Mainstream Tech With T&A: Start of a Trend?

Bob Johnson

CYBERSPACE — As any web surfer knows, sex and technology have a long and somewhat infamous history. And now a new wrinkle has emerged that combines the photos and video of hot babes with tech news and instruction that’s causing a cyberspace kerfuffle.

Hot Tech Today, a recently launched subscription ($19.99 a year) digital magazine that describes itself as “not an ordinary tech magazine,” — specifically because of its “Hot Tech Hotties,” photos of sexy Maxim magazine-like photo spreads and centerfolds — is taking heat from online feminists likening it to a purveyor of misogyny.

Blogs and social media have reportedly slammed the T&A tech venture, calling it sexist and in some cases idiotic. An open letter on the Huffington Post from a female tech professional called the mag “repulsive.”

But the female CEO of the online magazine, Erica Williams, said the site is doing very well, believes that its content doesn’t negatively reflect women in the tech industries, and called her critics a small but vocal minority.

The magazine boasts some of the best tech writers in the world on its roster and also promises 11 centerfolds a year, along with one user-submitted fan favorite. There are also live promos and events on tap.

Williams told Forbes, “We certainly foresaw some level of backlash in this regard, and frankly we’re fine with that. Our magazine isn’t for everyone, and anyone who finds our material objectionable is cheerfully invited to go elsewhere for their tech news. What has surprised us, though, is the strongly held yet very wrong position put forward by some of our detractors that our magazine is somehow demeaning to women in general, and to women working in the tech industry in particular.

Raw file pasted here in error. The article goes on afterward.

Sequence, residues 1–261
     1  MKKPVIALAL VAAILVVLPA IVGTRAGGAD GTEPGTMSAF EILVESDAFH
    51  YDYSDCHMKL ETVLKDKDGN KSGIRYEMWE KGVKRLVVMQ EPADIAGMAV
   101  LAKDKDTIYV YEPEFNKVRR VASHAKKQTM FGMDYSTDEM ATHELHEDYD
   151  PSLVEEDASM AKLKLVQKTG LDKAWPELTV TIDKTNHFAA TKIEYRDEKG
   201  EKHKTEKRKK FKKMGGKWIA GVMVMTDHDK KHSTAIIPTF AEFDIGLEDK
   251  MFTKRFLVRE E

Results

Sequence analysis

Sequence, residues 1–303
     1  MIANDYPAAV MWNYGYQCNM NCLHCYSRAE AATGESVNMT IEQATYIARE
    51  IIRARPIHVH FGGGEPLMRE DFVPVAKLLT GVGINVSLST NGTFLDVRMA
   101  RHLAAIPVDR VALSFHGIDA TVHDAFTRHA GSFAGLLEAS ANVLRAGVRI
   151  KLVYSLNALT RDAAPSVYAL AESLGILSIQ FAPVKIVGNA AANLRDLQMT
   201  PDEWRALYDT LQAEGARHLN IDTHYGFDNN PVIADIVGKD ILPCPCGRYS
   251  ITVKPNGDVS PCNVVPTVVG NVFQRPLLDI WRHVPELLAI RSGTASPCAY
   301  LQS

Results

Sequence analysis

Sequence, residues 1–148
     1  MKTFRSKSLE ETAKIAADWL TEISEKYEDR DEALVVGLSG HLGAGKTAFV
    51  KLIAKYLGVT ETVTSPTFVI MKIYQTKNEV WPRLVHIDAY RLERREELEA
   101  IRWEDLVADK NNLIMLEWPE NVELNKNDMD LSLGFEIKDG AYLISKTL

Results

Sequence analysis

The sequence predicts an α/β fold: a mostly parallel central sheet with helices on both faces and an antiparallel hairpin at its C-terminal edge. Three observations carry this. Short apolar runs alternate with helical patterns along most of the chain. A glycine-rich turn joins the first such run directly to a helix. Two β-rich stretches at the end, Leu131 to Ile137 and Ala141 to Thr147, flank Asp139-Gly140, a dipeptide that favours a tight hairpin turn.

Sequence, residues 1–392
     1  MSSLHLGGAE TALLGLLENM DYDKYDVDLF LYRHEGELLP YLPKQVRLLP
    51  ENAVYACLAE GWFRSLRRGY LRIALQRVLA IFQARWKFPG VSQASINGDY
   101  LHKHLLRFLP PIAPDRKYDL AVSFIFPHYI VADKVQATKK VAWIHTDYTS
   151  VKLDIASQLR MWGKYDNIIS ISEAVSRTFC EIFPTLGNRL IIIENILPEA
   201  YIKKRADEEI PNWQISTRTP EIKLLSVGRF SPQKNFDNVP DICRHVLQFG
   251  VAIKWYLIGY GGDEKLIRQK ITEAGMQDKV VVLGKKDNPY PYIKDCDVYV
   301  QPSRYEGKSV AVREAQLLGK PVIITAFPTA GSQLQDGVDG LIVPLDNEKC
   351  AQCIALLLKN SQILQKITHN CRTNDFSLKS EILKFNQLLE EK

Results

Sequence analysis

“As a professional, success-oriented woman it’s hard not be offended by these accusations, especially since they’re so very misguided. I challenge anyone to find anything in Hot Tech Today, be it in our articles, videos, or photo spreads, that in any way demeans or belittles anyone. Do we embrace sexuality? Absolutely. Is sexuality a bad thing? We and millions of others think not.”

And Williams is not alone in the quest to combine T&A with tech. A web development-training site, Code Babes, has emerged that promises programmers that they can learn to code while checking out babes.

Although the girls in the introductory videos are not scantily clad, the “hot for teacher” model does make learning the dry tech matter much more interesting. It’s not clear in the actual instructional videos if they'll deliver on the T&A, but in the intro “CSS Virgin” clip the hottie instructor says she might have a little less clothing on in the next lesson.

The Code Babes philosophy states, “This is the natural evolution of the Internet, bringing together a Triforce of Babes, Code and a healthy dose of Memes. Hopefully it brings coding and web development to a butt load of new people.”

And to head off the potential for sexist backlash, the site says it’s also looking for “CodeDudes.”